The impact of poverty on one rural elementary school’s student achievement was measured based on formative and summative assessment data. Student assessment data were examined to determine if strong relationships can be linked between students living in poverty and academic achievement. Additionally, parental perceptions were addressed as to whether or not parents are engaged in their child’s education, and if so, does this engagement impact student achievement. The topic was chosen for the relevancy of determining students’ instructional needs and how best to move the elementary in a positive direction academically. The socio-economic levels of families in the area studied are unlikely to change for the better; however, the level of student academic achievement can change for the better. Presently, elementary schools with high poverty rates and high academic achievement do exist, as described in specific detail in this paper. The data from this study indicated some students currently living in poverty are capable of achieving on a high academic level. The data from this study also showed all students who performed below proficiency within the research sample were also living in poverty. This quantitative study involved examination of how students living in poverty and students not living in poverty achieved academically. Details are provided on how schools with high numbers of students living in poverty can be academically successful.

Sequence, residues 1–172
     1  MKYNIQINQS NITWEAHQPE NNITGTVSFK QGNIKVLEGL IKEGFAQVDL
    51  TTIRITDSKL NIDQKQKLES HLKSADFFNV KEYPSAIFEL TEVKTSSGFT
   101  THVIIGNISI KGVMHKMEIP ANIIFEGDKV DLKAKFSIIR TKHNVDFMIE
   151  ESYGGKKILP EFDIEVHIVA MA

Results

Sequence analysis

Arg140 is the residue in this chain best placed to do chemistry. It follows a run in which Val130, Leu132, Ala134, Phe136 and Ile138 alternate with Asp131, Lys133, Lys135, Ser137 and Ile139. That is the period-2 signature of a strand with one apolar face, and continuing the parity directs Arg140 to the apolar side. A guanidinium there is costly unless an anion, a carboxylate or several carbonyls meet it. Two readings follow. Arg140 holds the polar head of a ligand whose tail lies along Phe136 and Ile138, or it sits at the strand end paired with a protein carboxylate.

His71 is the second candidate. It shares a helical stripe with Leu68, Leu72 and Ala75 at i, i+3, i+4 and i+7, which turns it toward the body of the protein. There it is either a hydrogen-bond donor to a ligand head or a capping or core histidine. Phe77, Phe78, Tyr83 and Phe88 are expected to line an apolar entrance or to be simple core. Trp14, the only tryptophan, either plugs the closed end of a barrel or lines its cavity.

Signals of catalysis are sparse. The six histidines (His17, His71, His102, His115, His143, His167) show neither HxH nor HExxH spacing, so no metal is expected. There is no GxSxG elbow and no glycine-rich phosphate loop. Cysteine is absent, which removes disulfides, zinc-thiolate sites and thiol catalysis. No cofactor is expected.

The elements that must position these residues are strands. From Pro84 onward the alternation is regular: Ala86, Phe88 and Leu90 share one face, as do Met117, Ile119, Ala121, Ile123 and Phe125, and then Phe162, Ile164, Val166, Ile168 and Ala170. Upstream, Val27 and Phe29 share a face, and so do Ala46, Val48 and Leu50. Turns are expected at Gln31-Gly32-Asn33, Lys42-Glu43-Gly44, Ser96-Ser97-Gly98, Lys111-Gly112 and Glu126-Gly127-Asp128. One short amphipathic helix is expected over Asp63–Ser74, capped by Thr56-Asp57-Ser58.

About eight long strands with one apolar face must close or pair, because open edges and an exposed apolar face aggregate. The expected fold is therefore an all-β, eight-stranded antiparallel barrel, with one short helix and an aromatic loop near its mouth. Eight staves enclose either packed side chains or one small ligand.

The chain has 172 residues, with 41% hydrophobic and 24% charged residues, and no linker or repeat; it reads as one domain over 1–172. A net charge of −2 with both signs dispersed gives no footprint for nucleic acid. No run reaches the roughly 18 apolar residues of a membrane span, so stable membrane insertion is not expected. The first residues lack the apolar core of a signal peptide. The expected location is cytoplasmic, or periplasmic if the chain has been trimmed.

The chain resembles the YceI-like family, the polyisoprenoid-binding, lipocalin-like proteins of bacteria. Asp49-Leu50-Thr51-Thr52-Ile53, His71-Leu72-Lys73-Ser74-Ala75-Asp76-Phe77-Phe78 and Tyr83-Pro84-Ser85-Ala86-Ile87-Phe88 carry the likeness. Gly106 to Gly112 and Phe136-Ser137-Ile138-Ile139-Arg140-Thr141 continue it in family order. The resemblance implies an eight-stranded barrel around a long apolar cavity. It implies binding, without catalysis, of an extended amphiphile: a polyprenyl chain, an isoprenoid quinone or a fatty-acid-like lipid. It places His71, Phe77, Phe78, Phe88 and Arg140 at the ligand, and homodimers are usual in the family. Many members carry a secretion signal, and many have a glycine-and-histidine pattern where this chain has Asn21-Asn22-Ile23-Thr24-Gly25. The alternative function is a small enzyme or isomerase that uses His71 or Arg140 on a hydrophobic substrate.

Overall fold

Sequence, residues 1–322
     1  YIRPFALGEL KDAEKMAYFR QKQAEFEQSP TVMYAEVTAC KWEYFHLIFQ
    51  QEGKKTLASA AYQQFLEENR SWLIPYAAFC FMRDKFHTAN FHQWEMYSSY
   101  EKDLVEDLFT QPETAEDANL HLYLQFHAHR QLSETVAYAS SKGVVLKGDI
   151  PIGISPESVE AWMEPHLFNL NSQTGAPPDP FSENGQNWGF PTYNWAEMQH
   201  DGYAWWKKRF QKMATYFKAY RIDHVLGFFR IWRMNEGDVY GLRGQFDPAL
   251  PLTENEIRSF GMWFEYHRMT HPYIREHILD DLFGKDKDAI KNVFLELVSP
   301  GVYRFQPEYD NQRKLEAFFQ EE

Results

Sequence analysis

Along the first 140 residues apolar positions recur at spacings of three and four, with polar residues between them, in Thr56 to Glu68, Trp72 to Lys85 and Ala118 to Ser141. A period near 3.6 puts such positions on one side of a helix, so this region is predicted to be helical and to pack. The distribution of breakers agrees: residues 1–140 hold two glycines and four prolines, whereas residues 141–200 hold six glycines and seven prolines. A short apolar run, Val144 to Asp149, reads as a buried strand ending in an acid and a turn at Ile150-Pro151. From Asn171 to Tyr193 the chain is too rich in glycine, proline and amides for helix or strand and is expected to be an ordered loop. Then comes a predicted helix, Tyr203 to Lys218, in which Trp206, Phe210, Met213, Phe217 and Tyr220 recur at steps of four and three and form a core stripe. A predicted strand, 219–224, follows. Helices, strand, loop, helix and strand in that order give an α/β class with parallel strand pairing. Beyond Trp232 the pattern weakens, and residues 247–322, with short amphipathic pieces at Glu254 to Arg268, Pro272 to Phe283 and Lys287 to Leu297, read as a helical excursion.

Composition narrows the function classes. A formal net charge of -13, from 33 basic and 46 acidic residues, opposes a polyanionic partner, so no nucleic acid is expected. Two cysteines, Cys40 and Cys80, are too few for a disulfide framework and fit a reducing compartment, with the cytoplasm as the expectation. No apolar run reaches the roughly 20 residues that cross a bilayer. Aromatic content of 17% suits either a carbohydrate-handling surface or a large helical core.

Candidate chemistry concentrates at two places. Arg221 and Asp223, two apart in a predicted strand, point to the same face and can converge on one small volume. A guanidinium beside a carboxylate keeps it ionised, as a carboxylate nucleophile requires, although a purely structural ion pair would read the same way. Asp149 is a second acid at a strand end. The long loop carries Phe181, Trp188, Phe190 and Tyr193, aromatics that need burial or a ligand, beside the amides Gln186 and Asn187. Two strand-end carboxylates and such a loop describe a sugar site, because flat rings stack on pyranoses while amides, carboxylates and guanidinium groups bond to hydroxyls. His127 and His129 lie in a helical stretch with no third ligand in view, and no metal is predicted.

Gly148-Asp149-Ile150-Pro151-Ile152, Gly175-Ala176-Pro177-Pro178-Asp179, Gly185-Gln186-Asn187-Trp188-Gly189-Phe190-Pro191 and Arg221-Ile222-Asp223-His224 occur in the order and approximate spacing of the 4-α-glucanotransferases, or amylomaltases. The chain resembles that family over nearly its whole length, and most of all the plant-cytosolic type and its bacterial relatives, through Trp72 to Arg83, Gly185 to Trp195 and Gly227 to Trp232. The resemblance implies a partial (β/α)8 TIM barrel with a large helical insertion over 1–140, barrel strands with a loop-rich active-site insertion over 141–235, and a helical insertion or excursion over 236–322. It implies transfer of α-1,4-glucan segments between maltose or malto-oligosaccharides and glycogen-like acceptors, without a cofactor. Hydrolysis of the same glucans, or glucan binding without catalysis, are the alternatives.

|Commitee:||DeVore, Sherry, Reid, Terry|
|School Location:||United States -- Missouri|
|Source:||DAI-A 77/03(E), Dissertation Abstracts International|
|Subjects:||Educational evaluation, School counseling, Elementary education, Demography|
|Keywords:||Missouri, Poverty, Rural, Student achievement|
Copyright in each Dissertation and Thesis is retained by the author. All Rights Reserved
The supplemental file or files you are about to download were provided to ProQuest by the author as part of a
dissertation or thesis. The supplemental files are provided "AS IS" without warranty. ProQuest is not responsible for the
content, format or impact on the supplemental file(s) on our system. in some cases, the file type may be unknown or
may be a .exe file. We recommend caution as you open such files.
Copyright of the original materials contained in the supplemental file is retained by the author and your access to the
supplemental files is subject to the ProQuest Terms and Conditions of use.
Depending on the size of the file(s) you are downloading, the system may take some time to download them. Please be